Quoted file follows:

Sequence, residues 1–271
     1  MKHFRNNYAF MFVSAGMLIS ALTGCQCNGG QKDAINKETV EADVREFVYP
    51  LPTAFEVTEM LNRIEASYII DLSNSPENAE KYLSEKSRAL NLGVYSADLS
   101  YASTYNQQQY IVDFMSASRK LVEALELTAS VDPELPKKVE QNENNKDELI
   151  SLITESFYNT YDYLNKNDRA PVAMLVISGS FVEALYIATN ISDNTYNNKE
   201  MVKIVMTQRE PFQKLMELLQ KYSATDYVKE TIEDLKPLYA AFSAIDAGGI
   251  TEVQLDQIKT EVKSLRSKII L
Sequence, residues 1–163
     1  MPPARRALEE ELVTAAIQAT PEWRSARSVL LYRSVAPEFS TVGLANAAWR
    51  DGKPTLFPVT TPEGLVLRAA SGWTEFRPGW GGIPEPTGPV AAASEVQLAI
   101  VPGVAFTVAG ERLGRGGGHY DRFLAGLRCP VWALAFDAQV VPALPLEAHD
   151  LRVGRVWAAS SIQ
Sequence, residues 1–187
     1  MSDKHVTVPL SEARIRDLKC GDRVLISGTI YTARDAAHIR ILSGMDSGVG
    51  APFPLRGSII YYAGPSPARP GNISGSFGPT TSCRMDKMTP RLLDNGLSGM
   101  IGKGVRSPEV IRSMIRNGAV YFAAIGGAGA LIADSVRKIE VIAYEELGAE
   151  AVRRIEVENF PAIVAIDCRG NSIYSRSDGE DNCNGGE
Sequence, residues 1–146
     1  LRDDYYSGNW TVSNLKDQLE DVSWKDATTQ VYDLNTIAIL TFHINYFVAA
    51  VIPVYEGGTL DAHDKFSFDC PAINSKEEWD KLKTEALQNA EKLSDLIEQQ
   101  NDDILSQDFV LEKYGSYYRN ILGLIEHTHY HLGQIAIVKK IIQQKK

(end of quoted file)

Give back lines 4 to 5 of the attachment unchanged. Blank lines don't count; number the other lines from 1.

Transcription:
   101  YASTYNQQQY IVDFMSASRK LVEALELTAS VDPELPKKVE QNENNKDELI
   151  SLITESFYNT YDYLNKNDRA PVAMLVISGS FVEALYIATN ISDNTYNNKE